Get ready. Tuesday, February 21 is Mardi Gras.
Parades, floats, balls, beads, masks all have their roots in a living tradition in Southwest Louisiana where I grew up.
Oh there's plenty of revelry, all right. Lots of music, dancing and drinking. But from Church Point to Eunice to Mamou to Basile, Mardi Gras is about chicken gumbo and plenty of it.
Many aspects of the Mardi Gras celebration in L'Anse Maigre, a community north of Eunice are typical of other communities. Cultural Catholicism still binds the community together, and collecting ingredients for a communal gumbo remains central to their run. They work hard all year, but they also celebrate life abundantly because their faith teaches them that life has been redeemed and Mardi Gras provides the opportunity to embrace the totality of human life. Led by a flag-bearing capitaine, this colorful and noisy procession of masked and costumed men on horses and wagons go from house to house in the countryside asking for charity in return for a performance of dancing and buffoonery. The participants are earnestly employed chasing chickens, the most valued offering, and they pride themselves on their ability to collect enough "live chickens" to feed the entire community "free of charge."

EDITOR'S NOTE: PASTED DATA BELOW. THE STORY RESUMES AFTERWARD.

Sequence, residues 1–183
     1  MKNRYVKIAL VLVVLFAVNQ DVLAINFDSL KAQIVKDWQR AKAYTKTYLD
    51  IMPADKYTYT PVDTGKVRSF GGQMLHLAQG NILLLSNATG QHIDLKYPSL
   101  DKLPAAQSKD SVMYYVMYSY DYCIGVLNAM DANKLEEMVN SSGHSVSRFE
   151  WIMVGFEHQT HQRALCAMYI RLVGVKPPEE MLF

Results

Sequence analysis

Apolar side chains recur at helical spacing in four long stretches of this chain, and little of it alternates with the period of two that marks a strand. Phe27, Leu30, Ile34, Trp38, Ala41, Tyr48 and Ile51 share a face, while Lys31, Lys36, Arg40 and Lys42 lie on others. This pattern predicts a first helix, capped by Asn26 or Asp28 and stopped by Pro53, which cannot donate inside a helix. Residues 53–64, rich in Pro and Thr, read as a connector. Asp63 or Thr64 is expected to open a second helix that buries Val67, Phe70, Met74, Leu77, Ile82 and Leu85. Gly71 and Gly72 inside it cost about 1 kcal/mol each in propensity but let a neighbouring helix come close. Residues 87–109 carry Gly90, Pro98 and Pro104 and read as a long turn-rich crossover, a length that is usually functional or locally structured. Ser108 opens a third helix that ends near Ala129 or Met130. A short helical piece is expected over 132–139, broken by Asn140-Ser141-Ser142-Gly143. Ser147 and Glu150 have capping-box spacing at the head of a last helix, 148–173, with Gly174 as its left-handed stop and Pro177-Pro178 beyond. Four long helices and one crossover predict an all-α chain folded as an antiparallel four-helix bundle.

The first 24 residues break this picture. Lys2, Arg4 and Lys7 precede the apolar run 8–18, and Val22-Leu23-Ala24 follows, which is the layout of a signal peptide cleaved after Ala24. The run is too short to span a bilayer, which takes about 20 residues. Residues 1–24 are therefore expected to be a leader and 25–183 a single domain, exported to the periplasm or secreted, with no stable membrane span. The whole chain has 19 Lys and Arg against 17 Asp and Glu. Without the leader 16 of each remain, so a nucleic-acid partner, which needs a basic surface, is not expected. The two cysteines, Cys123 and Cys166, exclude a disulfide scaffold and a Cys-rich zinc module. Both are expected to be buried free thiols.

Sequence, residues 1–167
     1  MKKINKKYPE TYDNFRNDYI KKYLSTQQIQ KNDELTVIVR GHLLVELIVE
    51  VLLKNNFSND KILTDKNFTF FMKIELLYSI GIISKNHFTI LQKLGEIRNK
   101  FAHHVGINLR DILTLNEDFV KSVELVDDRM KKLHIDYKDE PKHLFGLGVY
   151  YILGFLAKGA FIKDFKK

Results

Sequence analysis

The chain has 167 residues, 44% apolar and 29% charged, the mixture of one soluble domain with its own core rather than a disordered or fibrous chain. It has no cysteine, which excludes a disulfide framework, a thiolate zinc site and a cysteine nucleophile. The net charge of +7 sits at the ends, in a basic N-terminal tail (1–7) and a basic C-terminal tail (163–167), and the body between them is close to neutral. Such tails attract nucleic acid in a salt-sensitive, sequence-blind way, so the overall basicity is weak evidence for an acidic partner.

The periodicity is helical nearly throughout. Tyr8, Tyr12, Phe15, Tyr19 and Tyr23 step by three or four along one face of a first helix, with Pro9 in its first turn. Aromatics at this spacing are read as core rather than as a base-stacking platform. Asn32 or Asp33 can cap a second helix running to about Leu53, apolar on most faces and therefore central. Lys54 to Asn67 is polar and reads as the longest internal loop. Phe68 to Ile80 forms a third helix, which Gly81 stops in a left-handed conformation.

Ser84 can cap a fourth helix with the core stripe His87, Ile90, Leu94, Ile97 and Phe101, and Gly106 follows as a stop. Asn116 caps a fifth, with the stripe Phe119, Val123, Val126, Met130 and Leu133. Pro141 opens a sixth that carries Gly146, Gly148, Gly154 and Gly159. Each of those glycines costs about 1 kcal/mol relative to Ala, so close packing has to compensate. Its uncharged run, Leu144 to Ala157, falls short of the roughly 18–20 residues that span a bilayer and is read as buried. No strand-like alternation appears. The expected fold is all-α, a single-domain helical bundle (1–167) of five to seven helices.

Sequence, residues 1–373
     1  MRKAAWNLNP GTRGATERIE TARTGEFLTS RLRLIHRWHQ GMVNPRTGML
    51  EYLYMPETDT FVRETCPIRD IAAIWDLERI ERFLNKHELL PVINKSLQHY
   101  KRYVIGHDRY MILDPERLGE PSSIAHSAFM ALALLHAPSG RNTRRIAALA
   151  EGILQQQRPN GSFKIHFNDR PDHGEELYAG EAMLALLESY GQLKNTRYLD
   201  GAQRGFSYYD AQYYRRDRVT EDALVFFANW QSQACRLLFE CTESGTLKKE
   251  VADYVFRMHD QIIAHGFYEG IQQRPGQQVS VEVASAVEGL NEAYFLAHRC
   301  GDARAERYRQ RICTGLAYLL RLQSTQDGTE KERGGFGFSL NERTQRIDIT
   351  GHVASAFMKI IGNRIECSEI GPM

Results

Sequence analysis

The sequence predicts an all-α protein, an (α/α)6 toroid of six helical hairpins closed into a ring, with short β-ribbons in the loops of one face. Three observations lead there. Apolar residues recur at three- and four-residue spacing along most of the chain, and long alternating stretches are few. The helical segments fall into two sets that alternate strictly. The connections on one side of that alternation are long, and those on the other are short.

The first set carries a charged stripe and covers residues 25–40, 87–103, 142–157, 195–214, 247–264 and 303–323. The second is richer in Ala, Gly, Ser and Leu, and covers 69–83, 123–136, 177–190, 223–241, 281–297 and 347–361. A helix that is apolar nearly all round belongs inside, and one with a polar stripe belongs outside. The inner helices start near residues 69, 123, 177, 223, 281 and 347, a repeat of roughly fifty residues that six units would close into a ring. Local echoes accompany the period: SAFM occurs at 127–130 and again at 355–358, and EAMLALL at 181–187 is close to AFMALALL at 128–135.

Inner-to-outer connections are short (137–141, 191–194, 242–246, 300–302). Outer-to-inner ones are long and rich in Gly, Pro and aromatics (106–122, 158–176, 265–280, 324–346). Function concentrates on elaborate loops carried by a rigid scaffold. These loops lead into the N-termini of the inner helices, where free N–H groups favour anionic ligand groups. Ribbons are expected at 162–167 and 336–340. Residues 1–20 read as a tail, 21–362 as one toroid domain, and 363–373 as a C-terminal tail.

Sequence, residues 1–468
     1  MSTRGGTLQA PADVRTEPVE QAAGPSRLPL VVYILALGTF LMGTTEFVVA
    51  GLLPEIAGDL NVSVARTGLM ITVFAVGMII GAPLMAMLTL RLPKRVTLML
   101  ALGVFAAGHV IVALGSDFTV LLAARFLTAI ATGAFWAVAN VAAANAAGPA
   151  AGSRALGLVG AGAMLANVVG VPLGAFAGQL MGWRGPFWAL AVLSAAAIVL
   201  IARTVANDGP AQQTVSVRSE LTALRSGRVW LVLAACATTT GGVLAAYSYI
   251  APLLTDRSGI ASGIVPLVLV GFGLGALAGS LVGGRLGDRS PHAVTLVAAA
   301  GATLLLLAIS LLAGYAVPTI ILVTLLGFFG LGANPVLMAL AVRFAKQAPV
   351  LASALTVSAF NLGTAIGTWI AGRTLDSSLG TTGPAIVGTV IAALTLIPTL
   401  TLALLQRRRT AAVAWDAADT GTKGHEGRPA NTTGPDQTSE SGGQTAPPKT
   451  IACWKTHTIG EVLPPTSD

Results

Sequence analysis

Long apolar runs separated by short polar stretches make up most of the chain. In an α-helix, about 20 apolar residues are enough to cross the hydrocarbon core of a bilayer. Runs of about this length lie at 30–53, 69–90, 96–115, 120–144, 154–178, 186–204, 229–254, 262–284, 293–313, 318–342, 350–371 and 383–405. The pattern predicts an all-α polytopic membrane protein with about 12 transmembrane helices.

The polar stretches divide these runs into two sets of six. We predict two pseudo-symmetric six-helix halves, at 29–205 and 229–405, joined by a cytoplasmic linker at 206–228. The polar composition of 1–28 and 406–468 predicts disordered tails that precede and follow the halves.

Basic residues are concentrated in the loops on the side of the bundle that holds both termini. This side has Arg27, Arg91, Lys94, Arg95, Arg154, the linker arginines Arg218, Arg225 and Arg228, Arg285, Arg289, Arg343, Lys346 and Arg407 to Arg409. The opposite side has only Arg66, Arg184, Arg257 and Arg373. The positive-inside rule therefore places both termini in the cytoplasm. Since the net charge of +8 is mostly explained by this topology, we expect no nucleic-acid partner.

If you don't want to make a chicken gumbo for yourself, Austin Chronicle reports that myriad restaurants are ready to heap mountains of food on your plate. It ain't called "Fat Tuesday" for nothing.